What was their significance in jacksonian democracy?
Henry clay and John c Calhoun like what did they do who were they in jacksonian democracy what was special about them what part did they have in it
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Henry Clay was a founder of the National Republican party, commonly called the Whigs. He was a representative from Kentucky, who became, first the Speaker of the House of Representatives, and later was elected US Senator by the Kentucky legislature. His home was in Lexington Kentucky.
Clay's Whig party supported high tariffs to provide a benefit to US industry by setting the price of imported manufactured goods higher than the locally made products. He also supported the plan to create publicly funded roads, canals and bridges, to improve communication, facilitate commerce, and generally simplify transportation.
In the election of 1824, Andrew Jackson won the popular vote, this was the first time the total popular votes for president was compiled. However, in the electoral college, there were a number of candidates contending for the presidency. The majority of the top 3 went to Jackson, but the Constitution requires that the winning candidate receives a majority of all the electoral votes cast. The top 4 were Jackson, John Quincy Adams, Vice President Crawford, and Henry Clay. The vote went to the House of Representatives, with the top three. The Vice President had suffered a massive stroke, from which he later died. This put the election between Jackson and Adams. Clay asked his supporters to vote for Adams, and he was elected President. Shortly afterward, Adams appointed Henry Clay his Secretary of State. Until that time, of the first six Presidents, four had been Secretary of State beforehand. Andrew Jackson referred to this arrangement as a "corrupt bargain". Needless to say, the campaign of 1828 began immediately.
During the term of Jackson's presidency, there were three big issues confronted: Indian Removal, the Bank of the United States, and nullification.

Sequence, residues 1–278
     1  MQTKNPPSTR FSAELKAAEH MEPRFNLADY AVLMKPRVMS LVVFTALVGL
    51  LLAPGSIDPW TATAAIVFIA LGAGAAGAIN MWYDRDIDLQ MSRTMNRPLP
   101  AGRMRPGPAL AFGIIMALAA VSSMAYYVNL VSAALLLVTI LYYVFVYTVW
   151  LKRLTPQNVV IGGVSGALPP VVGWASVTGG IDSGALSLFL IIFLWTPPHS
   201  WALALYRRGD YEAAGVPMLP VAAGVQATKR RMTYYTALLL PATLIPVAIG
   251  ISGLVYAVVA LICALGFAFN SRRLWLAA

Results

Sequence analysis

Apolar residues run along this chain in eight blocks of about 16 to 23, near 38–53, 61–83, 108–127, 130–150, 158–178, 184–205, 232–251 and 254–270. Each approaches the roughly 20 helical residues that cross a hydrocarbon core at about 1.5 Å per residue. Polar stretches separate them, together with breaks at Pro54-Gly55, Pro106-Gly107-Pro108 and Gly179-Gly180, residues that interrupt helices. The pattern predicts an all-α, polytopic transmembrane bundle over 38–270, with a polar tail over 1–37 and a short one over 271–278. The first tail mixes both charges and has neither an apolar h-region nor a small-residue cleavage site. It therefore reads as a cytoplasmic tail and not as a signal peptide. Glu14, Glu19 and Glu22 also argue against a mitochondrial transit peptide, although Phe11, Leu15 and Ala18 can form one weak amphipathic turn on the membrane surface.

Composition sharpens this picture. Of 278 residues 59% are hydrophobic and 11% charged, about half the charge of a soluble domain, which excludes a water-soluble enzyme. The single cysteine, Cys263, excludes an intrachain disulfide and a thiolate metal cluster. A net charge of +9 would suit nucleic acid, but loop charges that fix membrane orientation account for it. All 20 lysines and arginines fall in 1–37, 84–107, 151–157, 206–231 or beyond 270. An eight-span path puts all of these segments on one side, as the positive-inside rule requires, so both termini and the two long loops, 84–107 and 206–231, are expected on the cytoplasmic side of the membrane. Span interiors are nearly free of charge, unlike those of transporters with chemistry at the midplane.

Clay's involvement was primarily with the B.U.S.. He was a friend and supporter of the Bank, and he and Bank Director Nicholas Biddle decided that a good way to discredit Jackson before the 1832 election was to renew the Bank Charter, which the President would veto, and the controversy would cost him the election. It backfired on them, the Bank was not rechartered, and its charter expired in 1836 as originally planned.
John C..Calhoun was a Senator from S. Carolina, and Vice President under Jackson. It was generally believed that the anonymous pamphlet written encouraging people to refuse to assess the tariff on foreign imports. In the South, largely agricultural, it was important to be able to export cotton and tobacco to England and France. If the tariff on English and French goods were high in the US, a similar tariff might be assessed against US imports (like cotton or tobacco) in England and France.
The "tariff of abominations" as it was called, was the law of the land. President Jackson maintained that by refusing to abide by the law of the land, they were separating themselves from the agreement between the states to accept a federal union, and thus, nullified the constitution, hence "nullification". The President would not stand for this, and threatened to hang anyone who refused to assess the tariff from the highest tree in the neighborhood. The tariff was modified to something the southern states could accept, and the crisis passed, for the moment. As you know South Carolina would be at the core of a similar crisis in 1860.